Original article no longer available
The Associated Press
NEW HAVEN, Conn. June 6 Investigators looking into last month’s bombing at Yale Law School searched the home of a former library worker who was previously convicted of stealing rare books and documents from Yale. Benjamin Johnson, 23, was jailed Wednesday after federal agents searched his parents’ house in suburban Hamden, where he had been on supervised release. Officials refused to say why they revoked his release.
Johnson pleaded guilty in 2001 to stealing $2 million worth of rare books and papers from Yale’s Beinecke Rare Book and Manuscript Library and then selling them over the Internet.The library is across the street from Yale Law School, where a May 21 explosion damaged some rooms but caused no injuries. Authorities Friday would not say what they were looking for at Johnson’s house or whether they found anything linking him to the bombing. His lawyer, Penn Rhodeen, said Johnson had nothing to do with the bombing and has no grudge against Yale, which he said has treated Johnson fairly.”What you have is a situation where people decided he would be a logical person to think about in connection with some other investigation they have in mind. They have to do their jobs,” Rhodeen said.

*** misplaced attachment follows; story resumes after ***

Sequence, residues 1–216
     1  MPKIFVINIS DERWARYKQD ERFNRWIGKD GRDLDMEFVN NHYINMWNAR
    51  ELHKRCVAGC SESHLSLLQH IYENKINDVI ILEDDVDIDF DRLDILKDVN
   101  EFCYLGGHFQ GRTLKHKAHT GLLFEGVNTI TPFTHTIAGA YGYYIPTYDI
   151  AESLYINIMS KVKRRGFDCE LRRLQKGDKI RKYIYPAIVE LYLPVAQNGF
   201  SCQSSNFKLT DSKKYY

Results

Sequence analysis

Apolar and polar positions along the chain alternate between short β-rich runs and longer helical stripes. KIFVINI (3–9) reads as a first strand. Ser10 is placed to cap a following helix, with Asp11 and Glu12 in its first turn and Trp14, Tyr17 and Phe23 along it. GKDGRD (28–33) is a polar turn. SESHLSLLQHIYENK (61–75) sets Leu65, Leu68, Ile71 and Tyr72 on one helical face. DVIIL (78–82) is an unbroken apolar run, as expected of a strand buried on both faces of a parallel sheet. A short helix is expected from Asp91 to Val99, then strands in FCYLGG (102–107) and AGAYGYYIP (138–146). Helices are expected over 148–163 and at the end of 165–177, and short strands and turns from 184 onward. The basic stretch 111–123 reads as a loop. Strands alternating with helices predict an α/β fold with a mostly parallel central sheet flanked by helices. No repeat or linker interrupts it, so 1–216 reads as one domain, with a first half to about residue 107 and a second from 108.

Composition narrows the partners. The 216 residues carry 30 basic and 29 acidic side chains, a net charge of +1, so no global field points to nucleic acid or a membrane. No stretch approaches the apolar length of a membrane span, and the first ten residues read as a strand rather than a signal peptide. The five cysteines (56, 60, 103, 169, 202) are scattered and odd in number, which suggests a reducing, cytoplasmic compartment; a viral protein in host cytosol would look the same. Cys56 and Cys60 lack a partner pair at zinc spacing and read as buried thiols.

During Johnson’s regular meeting with his parole officer, the officer found a notebook in Johnson’s backpack that contained notes about explosives, Rhodeen said.Rhodeen said that Johnson, an aspiring writer, would often jot down “exciting passages” from thriller novels as he read them. Rhodeen said he had not seen the notebook in question, but he had seen another notebook Johnson kept that had such notes in it.Johnson is cooperating fully with investigators, Rhodeen said, and has not returned to the Yale campus since his sentencing. Johnson began serving a 15-month sentence in June 2002 for larceny convictions related to the thefts. At the sentencing, Rhodeen said Johnson had a long-standing psychiatric illness and had stopped taking a large dose of Prozac before the thefts started. Johnson was in prison until February, when he moved to a New Haven halfway house. He was allowed to enter a transitional supervision program that allowed him to return home with his parents. After Wednesday’s search, correction officers decided to revoke that privilege, but declined to say why.